By Patti Neighmond
Taking care of a sick loved one is certainly an altruistic and loyal activity. But new research finds that if the sick individual is your spouse and suffers with dementia, caring for them puts you at increased risk of cognitive decline yourself.
Research published in the Journal of The American Geriatrics Society finds individuals who cared for a spouse suffering from dementia were six times more likely to suffer dementia themselves, compared to spouses of individuals who were dementia free.
You may have head that stress can play a big role in developing dementia, but this new study goes one step further.
In this study, researchers suggest that the stress, distress and even grief over watching one's spouse suffer from the memory loss and disorientation of dementia, along with the physical burdens of providing care may be a critical reason for increased dementia risk for the caregiver.
In additional to extremely close emotional ties, caregivers are also often fatigued and overwhelmed by physical exertion required to keep a loved one safe and comfortable.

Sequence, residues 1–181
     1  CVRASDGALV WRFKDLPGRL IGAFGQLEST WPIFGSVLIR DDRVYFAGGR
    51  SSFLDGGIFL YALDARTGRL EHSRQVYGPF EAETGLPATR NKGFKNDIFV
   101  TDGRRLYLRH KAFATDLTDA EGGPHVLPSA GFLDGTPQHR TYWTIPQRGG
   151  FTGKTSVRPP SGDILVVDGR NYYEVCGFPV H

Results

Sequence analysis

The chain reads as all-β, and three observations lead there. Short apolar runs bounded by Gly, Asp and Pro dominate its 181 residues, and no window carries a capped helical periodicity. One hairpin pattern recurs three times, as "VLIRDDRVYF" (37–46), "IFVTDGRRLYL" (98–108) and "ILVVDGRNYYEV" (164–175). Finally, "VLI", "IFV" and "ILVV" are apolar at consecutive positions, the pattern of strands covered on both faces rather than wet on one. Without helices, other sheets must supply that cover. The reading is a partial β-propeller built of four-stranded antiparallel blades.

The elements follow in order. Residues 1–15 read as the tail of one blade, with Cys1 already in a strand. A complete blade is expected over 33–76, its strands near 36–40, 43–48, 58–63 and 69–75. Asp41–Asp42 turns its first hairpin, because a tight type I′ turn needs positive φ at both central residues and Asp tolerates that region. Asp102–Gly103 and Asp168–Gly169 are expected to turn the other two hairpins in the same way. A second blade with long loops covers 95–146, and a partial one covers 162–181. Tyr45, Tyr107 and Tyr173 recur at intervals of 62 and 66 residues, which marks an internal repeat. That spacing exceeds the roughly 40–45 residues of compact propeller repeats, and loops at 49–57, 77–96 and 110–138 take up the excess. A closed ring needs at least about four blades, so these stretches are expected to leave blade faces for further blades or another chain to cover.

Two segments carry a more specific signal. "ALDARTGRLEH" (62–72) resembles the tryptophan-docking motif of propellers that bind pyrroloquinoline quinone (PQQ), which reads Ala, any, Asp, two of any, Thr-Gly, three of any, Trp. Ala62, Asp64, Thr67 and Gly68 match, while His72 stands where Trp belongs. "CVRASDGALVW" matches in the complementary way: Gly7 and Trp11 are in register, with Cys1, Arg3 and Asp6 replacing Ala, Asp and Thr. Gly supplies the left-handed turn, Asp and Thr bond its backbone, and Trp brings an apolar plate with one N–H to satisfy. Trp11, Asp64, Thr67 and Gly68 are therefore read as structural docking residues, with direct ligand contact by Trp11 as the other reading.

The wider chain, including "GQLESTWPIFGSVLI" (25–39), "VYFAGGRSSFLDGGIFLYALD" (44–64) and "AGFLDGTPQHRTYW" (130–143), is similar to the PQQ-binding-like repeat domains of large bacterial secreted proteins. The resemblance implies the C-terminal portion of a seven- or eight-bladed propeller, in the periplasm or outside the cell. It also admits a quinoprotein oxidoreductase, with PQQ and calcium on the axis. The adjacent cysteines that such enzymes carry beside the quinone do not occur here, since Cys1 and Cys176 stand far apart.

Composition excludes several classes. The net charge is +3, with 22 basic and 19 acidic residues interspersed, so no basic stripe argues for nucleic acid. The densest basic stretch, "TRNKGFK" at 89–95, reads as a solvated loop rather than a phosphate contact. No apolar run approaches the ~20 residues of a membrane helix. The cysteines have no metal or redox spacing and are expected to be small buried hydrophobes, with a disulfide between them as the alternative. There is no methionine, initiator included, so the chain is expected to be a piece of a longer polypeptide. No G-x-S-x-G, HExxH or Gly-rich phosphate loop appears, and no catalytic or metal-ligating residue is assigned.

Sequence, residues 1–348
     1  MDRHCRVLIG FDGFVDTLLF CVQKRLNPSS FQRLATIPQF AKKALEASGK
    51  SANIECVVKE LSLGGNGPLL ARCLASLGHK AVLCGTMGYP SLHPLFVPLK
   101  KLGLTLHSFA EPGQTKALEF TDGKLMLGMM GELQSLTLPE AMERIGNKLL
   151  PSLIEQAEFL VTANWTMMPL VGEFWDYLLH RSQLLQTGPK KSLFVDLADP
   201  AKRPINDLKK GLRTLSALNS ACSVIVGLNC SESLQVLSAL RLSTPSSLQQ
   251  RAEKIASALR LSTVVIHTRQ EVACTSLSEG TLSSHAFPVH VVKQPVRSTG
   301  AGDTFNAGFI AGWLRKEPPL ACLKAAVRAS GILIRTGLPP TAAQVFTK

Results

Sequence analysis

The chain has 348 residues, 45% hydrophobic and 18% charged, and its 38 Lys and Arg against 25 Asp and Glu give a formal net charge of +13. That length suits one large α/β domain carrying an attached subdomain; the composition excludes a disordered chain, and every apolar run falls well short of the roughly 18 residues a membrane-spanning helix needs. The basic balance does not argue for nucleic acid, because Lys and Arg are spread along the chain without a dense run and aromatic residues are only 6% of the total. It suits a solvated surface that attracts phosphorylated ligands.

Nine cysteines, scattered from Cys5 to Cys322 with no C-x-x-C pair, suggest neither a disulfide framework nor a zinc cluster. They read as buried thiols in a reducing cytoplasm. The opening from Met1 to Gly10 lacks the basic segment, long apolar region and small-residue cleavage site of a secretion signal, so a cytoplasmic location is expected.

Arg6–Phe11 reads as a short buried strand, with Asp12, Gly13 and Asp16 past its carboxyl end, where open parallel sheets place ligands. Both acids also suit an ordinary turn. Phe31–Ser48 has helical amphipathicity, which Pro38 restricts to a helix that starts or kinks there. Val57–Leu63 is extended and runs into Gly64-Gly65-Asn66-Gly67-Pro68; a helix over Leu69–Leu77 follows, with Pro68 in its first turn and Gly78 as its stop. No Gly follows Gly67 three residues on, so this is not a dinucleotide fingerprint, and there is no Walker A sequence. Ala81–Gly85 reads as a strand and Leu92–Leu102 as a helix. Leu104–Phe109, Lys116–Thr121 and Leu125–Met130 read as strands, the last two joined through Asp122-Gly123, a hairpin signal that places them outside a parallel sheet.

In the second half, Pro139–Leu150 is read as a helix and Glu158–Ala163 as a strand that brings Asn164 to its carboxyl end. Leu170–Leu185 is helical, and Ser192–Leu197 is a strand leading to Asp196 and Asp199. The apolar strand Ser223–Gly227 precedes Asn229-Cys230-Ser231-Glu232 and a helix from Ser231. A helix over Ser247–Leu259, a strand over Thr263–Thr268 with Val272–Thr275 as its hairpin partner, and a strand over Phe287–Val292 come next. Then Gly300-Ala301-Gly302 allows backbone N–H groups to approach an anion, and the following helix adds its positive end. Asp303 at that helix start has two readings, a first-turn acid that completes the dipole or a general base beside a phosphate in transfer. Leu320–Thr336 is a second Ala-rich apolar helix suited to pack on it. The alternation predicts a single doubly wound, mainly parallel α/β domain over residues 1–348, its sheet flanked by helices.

In this study, researchers from the University of Utah analyzed what happened to 1,221 married couples over the age of 65 when one spouse cared for the other who had dementia.
They followed these couples for up to 12 years. Psychiatrists assessed the mental health of caregivers over the years, measuring mental decline with a variety of cognitive tests.
Researchers say future studies should focus on understanding the stressful context of such care giving, so that particularly stressful patterns can be identified. If doctors had more information about how stress affects caregivers, they might be able to intervene before permanent problems set in.
More bad news? Doctors aren't really sure how to stave off Alzheimer's disease, a key cause of dementia.